Perth has become the latest Scottish city to offer free outdoor Wi-Fi as part of an ambitious digital drive aimed at winning more visitors and raising footfall.
The high-speed public service has gone live – without fanfare – across the city centre following similar, successful projects in Glasgow and Edinburgh.
Council officers are testing connection strength before a proper, high-profile launch in the coming weeks.
The Stranger Things (and bacon roll) test
The officials will have their own ways of putting the new connection through its paces, but I came up with my own scientific study: Could I download an episode of Stranger Things from Netflix in the time it takes to walk along the High Street, buy a bacon roll and get back to the office?
Getting online is relatively easy, with the “Perth City WiFi Free” connection appearing automatically on smartphones.
You’re then redirected to a service called Purple Portal with the City of Perth logo and – if you already have Facebook – you can sign in with just a couple of taps.
According to a speed check app, the city centre offers a download rate of 5.21 Megabits per second (although this could improve once the service is properly up and running). This is generally accepted to be a good surfing speed.
So, did the new Wi-Fi service pass the Netflix test?
The answer, I’m pleased to report, is yes. It takes a bit longer than usual for the app to fully fire up, but after that it only took about 20 minutes to download the 48-minute pilot episode.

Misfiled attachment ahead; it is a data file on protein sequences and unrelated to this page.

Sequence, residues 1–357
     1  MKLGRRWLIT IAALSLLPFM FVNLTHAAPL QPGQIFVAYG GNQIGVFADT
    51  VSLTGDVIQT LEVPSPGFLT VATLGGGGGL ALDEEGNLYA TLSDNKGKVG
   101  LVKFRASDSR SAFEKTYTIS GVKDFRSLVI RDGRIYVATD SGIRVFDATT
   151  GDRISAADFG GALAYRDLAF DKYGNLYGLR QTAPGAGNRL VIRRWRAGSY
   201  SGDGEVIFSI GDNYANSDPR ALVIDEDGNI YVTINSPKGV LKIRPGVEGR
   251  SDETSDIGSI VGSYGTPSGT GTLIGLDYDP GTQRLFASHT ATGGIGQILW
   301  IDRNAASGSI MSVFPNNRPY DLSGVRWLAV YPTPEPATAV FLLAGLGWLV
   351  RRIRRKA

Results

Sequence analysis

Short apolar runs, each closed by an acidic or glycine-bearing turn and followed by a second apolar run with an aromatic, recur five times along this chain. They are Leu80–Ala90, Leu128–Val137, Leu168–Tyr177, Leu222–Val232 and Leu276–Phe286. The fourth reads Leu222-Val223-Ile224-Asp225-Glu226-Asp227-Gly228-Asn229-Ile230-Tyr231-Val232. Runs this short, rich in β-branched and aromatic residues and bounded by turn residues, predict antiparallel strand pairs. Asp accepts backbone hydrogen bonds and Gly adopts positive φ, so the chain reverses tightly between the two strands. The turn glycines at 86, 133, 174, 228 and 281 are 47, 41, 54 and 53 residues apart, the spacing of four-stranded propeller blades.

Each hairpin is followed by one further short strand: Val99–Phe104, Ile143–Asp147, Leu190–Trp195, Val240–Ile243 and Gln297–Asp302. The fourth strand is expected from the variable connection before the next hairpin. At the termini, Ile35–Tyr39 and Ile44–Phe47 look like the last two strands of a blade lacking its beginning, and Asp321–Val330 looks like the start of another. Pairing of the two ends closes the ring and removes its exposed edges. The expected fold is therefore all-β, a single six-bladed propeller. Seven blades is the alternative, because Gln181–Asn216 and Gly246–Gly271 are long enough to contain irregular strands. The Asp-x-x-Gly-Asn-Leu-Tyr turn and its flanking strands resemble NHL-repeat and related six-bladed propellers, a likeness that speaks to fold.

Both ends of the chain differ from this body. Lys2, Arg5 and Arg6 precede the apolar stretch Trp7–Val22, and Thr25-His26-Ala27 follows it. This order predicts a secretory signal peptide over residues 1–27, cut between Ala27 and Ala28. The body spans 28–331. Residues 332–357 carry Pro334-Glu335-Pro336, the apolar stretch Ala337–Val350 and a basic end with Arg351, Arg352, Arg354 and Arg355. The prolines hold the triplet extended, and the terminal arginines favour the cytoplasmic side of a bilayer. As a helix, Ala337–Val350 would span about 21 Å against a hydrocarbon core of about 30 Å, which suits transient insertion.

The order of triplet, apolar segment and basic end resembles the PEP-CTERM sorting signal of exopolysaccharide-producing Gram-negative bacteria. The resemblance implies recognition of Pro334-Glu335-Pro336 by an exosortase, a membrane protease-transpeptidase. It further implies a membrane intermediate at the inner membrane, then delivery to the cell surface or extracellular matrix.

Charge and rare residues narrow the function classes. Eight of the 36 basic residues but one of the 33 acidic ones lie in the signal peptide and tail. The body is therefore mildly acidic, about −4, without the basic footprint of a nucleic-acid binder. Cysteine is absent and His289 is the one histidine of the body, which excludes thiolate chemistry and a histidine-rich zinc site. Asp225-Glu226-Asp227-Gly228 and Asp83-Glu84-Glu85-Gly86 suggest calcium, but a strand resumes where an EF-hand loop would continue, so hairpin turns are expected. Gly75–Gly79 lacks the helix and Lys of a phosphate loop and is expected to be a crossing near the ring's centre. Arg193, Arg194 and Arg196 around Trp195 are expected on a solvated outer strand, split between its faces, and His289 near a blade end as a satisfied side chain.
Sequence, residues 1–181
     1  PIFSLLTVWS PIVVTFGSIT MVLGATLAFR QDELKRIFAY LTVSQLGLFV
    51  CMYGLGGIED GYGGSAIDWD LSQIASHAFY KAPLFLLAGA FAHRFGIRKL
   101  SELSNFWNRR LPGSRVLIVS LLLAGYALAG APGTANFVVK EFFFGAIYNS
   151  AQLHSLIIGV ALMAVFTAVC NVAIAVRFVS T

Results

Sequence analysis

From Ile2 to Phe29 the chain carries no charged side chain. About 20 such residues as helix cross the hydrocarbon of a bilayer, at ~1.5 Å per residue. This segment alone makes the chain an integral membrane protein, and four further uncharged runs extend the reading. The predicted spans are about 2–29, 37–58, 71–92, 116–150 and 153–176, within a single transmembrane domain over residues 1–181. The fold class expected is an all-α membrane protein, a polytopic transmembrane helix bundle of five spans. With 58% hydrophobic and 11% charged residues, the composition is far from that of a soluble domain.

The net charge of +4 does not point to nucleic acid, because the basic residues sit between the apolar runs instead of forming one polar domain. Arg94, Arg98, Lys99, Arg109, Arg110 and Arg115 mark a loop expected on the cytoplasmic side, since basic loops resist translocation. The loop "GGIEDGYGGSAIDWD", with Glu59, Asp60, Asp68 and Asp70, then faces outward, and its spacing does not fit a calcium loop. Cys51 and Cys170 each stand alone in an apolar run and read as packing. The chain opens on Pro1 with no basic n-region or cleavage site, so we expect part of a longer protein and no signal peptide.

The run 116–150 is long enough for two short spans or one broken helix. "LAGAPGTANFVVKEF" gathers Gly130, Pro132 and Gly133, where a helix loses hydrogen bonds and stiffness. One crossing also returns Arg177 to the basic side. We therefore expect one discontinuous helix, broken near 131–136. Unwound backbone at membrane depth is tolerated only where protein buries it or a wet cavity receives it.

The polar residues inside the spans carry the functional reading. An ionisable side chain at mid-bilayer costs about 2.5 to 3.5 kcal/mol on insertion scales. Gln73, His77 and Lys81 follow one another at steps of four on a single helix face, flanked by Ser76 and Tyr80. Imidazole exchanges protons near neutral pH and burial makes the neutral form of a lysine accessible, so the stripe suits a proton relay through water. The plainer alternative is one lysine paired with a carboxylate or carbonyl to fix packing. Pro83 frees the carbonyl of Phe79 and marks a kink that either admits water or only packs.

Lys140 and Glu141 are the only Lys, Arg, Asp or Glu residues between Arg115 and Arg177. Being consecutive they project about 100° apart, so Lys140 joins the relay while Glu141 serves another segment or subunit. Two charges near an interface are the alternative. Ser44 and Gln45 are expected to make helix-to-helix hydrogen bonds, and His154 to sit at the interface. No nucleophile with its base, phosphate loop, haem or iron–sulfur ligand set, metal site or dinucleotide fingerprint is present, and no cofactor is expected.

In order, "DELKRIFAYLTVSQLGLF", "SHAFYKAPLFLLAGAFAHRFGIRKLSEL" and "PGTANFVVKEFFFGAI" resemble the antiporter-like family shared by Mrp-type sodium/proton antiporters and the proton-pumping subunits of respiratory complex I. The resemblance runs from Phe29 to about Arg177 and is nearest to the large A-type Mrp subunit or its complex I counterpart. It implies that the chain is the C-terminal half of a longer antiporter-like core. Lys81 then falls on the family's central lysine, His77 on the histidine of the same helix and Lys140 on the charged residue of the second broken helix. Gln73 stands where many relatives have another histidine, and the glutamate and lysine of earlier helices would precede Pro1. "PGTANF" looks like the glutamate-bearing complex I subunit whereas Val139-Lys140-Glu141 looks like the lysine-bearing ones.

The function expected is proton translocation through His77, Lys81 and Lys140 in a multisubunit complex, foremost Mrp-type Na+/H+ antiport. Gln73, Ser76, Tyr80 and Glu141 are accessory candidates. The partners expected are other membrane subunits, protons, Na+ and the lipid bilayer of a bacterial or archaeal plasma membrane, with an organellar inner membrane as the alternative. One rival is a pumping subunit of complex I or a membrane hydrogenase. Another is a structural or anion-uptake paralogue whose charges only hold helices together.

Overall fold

Just 10 years ago, the promise of being able to check football scores and watch YouTube clips while being dragged round shops on a Saturday afternoon would have sounded like science fiction.
But in age when live-streaming and downloading videos are becoming more and more commonplace, services like the one being rolled out by Perth and Kinross Council could soon prove essential.
Free-of-charge Wi-Fi on the streets of Perth? What a time to be alive!
The journey to “smart” city status
The highly anticipated Wi-Fi scheme is the first phase of a Smart Perth and Kinross Strategy, a wishlist of high-tech proposals aimed at improving life in the area.
The masterplan aims to “use data and technology to enhance the delivery of city services, promote economic growth, increase sustainability and engage more actively with citizens.”
Perth and Kinross Council has struck a deal with Dunfermline-based Rapier Systems to provide the new set-up, fitting lampposts and other infrastructure with wireless technology.
The same company installed temporary Wi-Fi during last year’s Christmas lights switch-on ceremony.
If the trial is successful, the free Wi-Fi could soon be rolled out to other towns across the region.
The council is investigating the use of so-called smart technology across a variety of areas, including waste collection.
A pilot programme will see sensors fitted to litter bins and recycling bells, which will alert council workers when they need to be emptied.
The idea is that this save money by allowing collection crews to optimise their routes, avoiding the need for sometimes lengthy trips to remote locations to empty bins which don’t need to be emptied.
The trial, funded by the Scottish Cities Alliance, also involves installing weighing systems and radio frequency identification tagging to commercial bins so that their contents can be recorded.
In a report to councillors, Smart Perth and Kinross project officer Graham Pinfield said: “It will take many years before Perth and Kinross becomes a truly ‘smart’ city region, but this initial strategic approach and roadmap will provide a framework to do so.”